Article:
Sunday, September 30, 2012

Recipe 24: Lemon Ginger Applesauce

So many apples, so few ideas that
do not end in dessert...
Yesterday, I went apple picking.  Today, I had more apples than digits on my hands and feet combined.  Also, because I am a crazy person, I have decided that I will be going dessert free until October 31st.  That's right kids, one whole month without sweet treats.  Which presented a problem, since all my ideas for what to do with this plethora of apples fell firmly into the dessert family.  But then I realized the greatest way to get rid of many of them and make something that I can eat this month is so simple that babies eat it: applesauce.  Boom.  Plus, color me impressed that even though it is sweet, it has like 0.02% non-apple sugar added.  Applesauce for the win!  I also had a slightly grotty old lemon, so I decided to spice it up and make a lemon ginger applesauce.  I actually think I used too much ginger, and maybe would recommend using fresh grated ginger for more warmth than ground ginger, and would also recommend including zest (my lemon was too leathery). 

Lemon Ginger Applesauce

Adapted from The Apple Lover's Cookbook, by Amy Traverso

Lemon Ginger Applesauce, Le Creuset style


3-4 lbs apples, peeled, cored, chopped into large pieces (mixed types will work fine - better according to the original recipe)
1/2 cup water
1/4 cup lemon juice
1/2 tsp ginger
2 tsp cinnamon
2 Tbsp firmly packed light brown sugar (more to taste if you want)


Nearly ready...
1.  With the heat set to medium high, add your apples, water, and lemon juice to your Le Creuset/Dutch Oven, stir, and cover. 
2. When it begins to steam heavily, turn down the heat to a low-medium setting.  Let it cook covered for 20-30 minutes, stirring occasionally.  The apples will begin to get very soft and break apart.
3.  When the mixture is slightly more than half sauce and the apples break apart easily under your spoon or spatula, turn off the heat and let cool for a few minutes. 
4.  Add sugar to the mixture, and stir to combine.
5.  If you like your applesauce chunky, stop here.  If you like it smooth, continue.
6.  Using an immersion blender, blend the mixture until smooth.
7.  Cool, and enjoy! 

Et voila!

Thursday, September 27, 2012

Case of the (unexpected online window shopping) Terribles: or, what I want for my birthday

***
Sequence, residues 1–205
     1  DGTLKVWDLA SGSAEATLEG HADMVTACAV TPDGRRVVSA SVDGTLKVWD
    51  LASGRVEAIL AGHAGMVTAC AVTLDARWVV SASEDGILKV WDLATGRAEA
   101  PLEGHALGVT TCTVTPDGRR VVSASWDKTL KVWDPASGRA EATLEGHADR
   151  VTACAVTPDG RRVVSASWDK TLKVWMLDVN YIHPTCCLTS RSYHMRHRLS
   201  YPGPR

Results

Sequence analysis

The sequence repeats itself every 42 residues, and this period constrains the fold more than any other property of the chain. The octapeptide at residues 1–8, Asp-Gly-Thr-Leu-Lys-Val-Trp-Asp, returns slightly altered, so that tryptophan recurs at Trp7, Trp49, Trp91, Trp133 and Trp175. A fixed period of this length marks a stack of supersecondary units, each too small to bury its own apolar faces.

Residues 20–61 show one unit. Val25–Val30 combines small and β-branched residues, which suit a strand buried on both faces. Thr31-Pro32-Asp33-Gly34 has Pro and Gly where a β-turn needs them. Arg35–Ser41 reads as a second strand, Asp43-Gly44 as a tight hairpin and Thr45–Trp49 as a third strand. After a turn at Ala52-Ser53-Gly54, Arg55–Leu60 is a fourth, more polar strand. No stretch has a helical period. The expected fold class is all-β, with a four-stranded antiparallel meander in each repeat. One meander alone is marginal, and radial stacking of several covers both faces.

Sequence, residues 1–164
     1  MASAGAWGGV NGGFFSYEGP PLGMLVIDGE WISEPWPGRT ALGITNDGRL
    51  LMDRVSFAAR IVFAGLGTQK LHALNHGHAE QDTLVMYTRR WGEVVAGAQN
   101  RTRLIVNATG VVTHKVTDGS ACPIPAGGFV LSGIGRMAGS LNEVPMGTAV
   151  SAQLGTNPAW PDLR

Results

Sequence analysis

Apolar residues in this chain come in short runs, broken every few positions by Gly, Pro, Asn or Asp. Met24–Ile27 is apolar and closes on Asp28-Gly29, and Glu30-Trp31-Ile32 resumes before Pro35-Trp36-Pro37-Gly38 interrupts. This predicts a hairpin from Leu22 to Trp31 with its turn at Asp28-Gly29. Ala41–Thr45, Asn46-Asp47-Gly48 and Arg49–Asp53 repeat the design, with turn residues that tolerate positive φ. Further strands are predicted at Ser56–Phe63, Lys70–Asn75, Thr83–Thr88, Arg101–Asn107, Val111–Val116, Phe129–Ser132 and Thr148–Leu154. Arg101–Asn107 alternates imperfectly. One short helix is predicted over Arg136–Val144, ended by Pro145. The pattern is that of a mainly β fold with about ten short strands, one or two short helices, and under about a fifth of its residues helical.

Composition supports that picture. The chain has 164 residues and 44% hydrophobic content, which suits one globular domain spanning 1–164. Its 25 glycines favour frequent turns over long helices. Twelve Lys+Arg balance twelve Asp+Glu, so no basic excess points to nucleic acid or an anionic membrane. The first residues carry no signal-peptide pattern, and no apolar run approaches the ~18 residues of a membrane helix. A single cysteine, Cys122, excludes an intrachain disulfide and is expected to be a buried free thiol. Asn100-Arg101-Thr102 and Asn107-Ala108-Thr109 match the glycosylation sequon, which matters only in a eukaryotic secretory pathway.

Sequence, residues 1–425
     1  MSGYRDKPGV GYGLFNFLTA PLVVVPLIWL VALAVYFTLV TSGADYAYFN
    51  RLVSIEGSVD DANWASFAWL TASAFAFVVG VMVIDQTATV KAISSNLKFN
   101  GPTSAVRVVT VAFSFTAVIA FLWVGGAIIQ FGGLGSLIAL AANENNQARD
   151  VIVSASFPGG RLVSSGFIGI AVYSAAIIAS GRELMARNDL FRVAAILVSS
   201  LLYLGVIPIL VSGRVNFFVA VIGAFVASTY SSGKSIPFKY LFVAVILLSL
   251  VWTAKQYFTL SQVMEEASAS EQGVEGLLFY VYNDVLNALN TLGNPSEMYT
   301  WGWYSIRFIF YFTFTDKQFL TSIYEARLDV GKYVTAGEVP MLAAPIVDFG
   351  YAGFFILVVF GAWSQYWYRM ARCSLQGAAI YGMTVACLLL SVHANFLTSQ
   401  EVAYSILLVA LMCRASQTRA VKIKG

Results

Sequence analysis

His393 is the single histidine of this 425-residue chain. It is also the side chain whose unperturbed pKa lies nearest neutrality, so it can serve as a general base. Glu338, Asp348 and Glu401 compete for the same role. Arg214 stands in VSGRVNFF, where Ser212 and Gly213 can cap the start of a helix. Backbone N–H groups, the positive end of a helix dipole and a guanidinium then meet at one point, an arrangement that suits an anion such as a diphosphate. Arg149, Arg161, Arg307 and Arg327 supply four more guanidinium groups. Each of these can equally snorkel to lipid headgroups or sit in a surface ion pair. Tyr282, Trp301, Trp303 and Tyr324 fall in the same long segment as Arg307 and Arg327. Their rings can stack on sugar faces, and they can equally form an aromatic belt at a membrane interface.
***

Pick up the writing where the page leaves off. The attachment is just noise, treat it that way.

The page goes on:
Friends, I bequeath to you a online shopping experience, a web page filled with Cases of the Terribles (and/or people having way too much money, and not enough brains). Here it is: Case of the (unexpected online window shopping) Terribles.  

Incidentally, take note.  I know what I want for my birthday this year.

Who DOESN'T want a 20 foot Animatronic Triceratops?
Yes, Homer and the Enormous Egg is totally one of my favs. But really, they had me at "based on paleontological approximations of what sounds the original 67 million year-old saurian might have vocalized."

Wednesday, September 26, 2012

Tidbits: Chicken Soup for your visual art appreciation

Chicken Soup: 
  • Do you have a heart?  Test it by readwatching this piece, written by a teenage boy about he loves to read.  It is aptly titled What's Wrong with Reading?  I just want to give him a hug in the form of a stack of books!
Design & Art:
 The Talkies:
  • Beautiful Creatures Trailer I'm not sure how I feel, guys!  I think I like it and the leads; I think I'm also nervous they took some Tim Burtonesque creative liberties in Harper Lee's backyard and it may go a little off the tracks.  I think I should also not watch things pre-coffee.  
  •  No link, but are you as excited that The Perks of Being a Wallflower is nigh?  Yayyyy! Yayyyy! Yayyyy! 
  •  Not only does Australia always get Christmas first, now you Aussies can brag about reading Quitana first. Color me jealous. 

Friday, September 21, 2012

Rollrock Island, by Margo Lanagan: Your momma's a seaweed lovin seal!

The Brides of Rollrock Island
by Margo Lanagan
Alfred Knopf BFYR, 2012
ISBN: 9780375869198